India: Challenge of Innovation

According to the Booz & Company’s annual Global Innovation 1000 study, the top 80 U.S. corporate R&D spenders deployed an estimated US$80.1 billion of their $146 billion R&D funds overseas in 2007. The top 50 European companies spent $51.4 billion of their $117 billion total outside the continent. In Japan, the top 43 Japanese firms exported $40.4 billion of their total $71.6 billion to other countries. The Global Innovation 1000 companies are spending an average of 55 percent of their innovation dollars outside their home country. And the companies are doing this for a reason.

Companies that invest wisely in a multinational innovation footprint are gaining far better returns on their R&D investment than companies that exclusively keep their laboratories at home – or that fragment them across a wide variety of locations.

The Booz study provides an insight into the potentials for the R&D in India that if snatched can engage the students passing out after higher educational institutes. Indian scientists and technocrats are in demand. Many companies from the countries all over the world are trying to attract the best brains of India to use their talent. No good and sincere students should be in doubt about the employment today.

I quote from a recent Prime Minister’s speech about the encouraging work being done in India that must be inspiring for those who wish to go for knowledge sector to pursue R&D.

“The Diamond Jubilee Technology Award to Mahindra & Mahindra Ltd. symbolizes the importance we attach to commercialization of scientific and technological research. The Rural Technology award given jointly to the National Research Centre on Yak for improvement of sustainable Yak husbandry practices in the Himalayan Region and to the Nimbkar Agricultural Research Institute along with the National Chemical Laboratory for genetic improvement of Deccani breed of sheep recognizes the difference these innovations have made to the livelihoods of the people in rural areas.”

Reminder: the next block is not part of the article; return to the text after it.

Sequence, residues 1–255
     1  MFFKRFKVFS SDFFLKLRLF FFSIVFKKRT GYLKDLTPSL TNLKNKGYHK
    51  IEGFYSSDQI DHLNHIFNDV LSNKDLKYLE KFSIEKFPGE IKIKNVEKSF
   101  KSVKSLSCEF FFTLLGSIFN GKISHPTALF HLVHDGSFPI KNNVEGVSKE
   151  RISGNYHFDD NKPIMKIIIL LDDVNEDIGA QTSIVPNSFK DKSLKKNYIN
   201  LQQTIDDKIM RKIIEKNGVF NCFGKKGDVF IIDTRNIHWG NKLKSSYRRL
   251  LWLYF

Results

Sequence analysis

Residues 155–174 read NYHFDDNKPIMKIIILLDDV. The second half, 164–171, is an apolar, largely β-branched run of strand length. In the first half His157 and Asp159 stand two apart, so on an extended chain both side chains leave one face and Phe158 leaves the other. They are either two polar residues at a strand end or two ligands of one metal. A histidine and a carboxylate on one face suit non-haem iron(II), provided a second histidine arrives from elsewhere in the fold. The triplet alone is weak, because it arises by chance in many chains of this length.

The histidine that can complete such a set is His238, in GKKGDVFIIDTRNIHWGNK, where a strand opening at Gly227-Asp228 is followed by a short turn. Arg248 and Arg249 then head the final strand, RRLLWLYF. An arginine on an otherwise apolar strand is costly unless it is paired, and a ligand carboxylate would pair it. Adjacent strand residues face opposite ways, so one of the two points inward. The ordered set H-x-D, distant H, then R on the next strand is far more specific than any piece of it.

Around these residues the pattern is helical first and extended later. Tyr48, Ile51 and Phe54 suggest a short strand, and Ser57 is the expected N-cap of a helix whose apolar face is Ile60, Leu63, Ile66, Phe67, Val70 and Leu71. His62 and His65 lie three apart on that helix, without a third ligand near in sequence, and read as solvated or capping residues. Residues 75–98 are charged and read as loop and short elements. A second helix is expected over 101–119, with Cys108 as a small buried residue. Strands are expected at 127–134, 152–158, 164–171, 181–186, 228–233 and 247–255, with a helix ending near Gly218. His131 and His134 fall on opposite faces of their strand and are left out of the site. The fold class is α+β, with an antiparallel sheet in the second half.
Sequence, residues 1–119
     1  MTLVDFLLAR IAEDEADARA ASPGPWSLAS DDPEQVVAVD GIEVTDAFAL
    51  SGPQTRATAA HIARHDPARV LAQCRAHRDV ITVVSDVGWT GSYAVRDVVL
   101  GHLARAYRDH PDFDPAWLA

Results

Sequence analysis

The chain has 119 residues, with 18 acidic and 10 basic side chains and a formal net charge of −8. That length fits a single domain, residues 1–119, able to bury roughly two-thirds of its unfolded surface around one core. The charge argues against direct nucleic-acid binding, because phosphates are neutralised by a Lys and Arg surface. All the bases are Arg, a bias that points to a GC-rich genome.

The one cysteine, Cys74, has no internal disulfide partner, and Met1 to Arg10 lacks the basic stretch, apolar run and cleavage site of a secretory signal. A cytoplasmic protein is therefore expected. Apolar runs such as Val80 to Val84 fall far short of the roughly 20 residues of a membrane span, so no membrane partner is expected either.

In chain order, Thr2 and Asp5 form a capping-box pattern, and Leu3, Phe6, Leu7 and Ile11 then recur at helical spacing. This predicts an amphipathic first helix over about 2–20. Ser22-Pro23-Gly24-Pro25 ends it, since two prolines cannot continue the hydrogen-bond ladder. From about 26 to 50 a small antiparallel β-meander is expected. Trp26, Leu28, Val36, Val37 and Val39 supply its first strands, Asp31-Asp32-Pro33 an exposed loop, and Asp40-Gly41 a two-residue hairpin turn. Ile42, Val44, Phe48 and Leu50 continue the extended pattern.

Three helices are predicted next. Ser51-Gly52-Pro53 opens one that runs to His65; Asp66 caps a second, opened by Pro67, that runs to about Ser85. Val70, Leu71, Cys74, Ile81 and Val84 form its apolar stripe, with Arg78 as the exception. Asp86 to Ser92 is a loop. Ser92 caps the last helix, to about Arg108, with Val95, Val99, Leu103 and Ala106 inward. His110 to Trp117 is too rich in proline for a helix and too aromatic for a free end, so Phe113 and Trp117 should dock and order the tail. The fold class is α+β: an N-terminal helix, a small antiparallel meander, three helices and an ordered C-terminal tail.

“CSIR has undertaken a number of important initiatives over the past few years. We are the first country that has successfully mapped the entire genetic diversity of its population. This will lead to the identification of populations that are genetically at risk of various complex and infectious diseases including adverse drug responses. Another initiative that has immense economic importance for our farmers is a path breaking scientific discovery that enables mass propagation of even asexually produced seeds.”

However, it appears a lot of gap between the industry and the research institutes. According to officials in the Ministry of Steel, there are hardly any proposals from any research agencies, steel manufacturers or the engineering colleges for taking up steel-related research projects.

I request B Muthuraman, managing director, Tata Steel, and an IITian to take a note of it and take some initiative to prove the officials of Steel ministry wrong. Muthuraman while addressing Pan IIT Global Conference had given some information. According to him, ‘innovation will help cut inventories by as much as half and add value. For every tonne of steel produced, 2 tonnes of carbon dioxide is emitted. Every year, the steel industry across the world emits more than 2.5 billion tonnes of carbon dioxide’.

I wish the government officials get into proactive mode and start interacting more effectively with the right people in the steel industry. Similar actions are necessary in all the sectors to make India a knowledge power and that is where India can lead. All the stakeholders are to use the opportunity of global melt down and innovations in millions can find solution rather than those unscrupulous minds of financial wizards such as Bernard Madoff.

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